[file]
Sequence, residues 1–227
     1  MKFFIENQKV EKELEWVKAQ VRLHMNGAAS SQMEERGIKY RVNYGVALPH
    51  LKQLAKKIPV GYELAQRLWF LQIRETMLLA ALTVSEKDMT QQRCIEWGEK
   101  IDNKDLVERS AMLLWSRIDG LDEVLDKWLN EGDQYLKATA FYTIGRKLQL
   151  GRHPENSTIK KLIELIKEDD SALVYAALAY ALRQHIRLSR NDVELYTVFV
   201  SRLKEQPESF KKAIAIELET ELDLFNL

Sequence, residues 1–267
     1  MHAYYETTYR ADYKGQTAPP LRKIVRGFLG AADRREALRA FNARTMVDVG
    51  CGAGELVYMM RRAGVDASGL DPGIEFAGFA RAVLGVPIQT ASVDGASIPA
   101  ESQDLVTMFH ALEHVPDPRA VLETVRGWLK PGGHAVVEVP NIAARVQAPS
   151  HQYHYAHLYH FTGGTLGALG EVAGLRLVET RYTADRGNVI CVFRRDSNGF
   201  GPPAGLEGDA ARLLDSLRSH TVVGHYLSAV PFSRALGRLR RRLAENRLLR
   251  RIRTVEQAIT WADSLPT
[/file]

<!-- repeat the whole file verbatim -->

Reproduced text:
Sequence, residues 1–227
     1  MKFFIENQKV EKELEWVKAQ VRLHMNGAAS SQMEERGIKY RVNYGVALPH
    51  LKQLAKKIPV GYELAQRLWF LQIRETMLLA ALTVSEKDMT QQRCIEWGEK
   101  IDNKDLVERS AMLLWSRIDG LDEVLDKWLN EGDQYLKATA FYTIGRKLQL
   151  GRHPENSTIK KLIELIKEDD SALVYAALAY ALRQHIRLSR NDVELYTVFV
   201  SRLKEQPESF KKAIAIELET ELDLFNL

Sequence, residues 1–267
     1  MHAYYETTYR ADYKGQTAPP LRKIVRGFLG AADRREALRA FNARTMVDVG
    51  CGAGELVYMM RRAGVDASGL DPGIEFAGFA RAVLGVPIQT ASVDGASIPA
   101  ESQDLVTMFH ALEHVPDPRA VLETVRGWLK PGGHAVVEVP NIAARVQAPS
   151  HQYHYAHLYH FTGGTLGALG EVAGLRLVET RYTADRGNVI CVFRRDSNGF
   201  GPPAGLEGDA ARLLDSLRSH TVVGHYLSAV PFSRALGRLR RRLAENRLLR
   251  RIRTVEQAIT WADSLPT